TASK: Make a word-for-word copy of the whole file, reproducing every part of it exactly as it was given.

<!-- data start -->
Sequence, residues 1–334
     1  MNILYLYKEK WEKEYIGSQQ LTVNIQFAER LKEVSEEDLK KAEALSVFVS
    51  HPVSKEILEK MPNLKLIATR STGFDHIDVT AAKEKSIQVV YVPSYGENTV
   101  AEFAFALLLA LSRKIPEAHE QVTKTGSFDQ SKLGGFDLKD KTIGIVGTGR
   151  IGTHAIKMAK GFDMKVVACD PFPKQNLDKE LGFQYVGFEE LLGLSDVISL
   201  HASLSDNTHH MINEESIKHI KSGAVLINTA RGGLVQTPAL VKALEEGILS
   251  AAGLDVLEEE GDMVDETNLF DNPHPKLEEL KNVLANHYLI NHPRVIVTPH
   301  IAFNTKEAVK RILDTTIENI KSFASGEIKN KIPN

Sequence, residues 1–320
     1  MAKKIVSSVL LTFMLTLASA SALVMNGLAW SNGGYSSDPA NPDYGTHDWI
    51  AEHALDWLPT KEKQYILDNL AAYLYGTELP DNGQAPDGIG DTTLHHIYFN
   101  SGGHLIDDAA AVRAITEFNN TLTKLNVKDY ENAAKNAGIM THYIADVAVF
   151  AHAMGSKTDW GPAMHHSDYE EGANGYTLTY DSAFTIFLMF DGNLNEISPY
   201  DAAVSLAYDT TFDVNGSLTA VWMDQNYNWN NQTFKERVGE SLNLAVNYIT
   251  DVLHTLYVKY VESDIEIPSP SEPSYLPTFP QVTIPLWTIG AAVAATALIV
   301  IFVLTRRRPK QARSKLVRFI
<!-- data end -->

Sequence, residues 1–334
     1  MNILYLYKEK WEKEYIGSQQ LTVNIQFAER LKEVSEEDLK KAEALSVFVS
    51  HPVSKEILEK MPNLKLIATR STGFDHIDVT AAKEKSIQVV YVPSYGENTV
   101  AEFAFALLLA LSRKIPEAHE QVTKTGSFDQ SKLGGFDLKD KTIGIVGTGR
   151  IGTHAIKMAK GFDMKVVACD PFPKQNLDKE LGFQYVGFEE LLGLSDVISL
   201  HASLSDNTHH MINEESIKHI KSGAVLINTA RGGLVQTPAL VKALEEGILS
   251  AAGLDVLEEE GDMVDETNLF DNPHPKLEEL KNVLANHYLI NHPRVIVTPH
   301  IAFNTKEAVK RILDTTIENI KSFASGEIKN KIPN

Sequence, residues 1–320
     1  MAKKIVSSVL LTFMLTLASA SALVMNGLAW SNGGYSSDPA NPDYGTHDWI
    51  AEHALDWLPT KEKQYILDNL AAYLYGTELP DNGQAPDGIG DTTLHHIYFN
   101  SGGHLIDDAA AVRAITEFNN TLTKLNVKDY ENAAKNAGIM THYIADVAVF
   151  AHAMGSKTDW GPAMHHSDYE EGANGYTLTY DSAFTIFLMF DGNLNEISPY
   201  DAAVSLAYDT TFDVNGSLTA VWMDQNYNWN NQTFKERVGE SLNLAVNYIT
   251  DVLHTLYVKY VESDIEIPSP SEPSYLPTFP QVTIPLWTIG AAVAATALIV
   301  IFVLTRRRPK QARSKLVRFI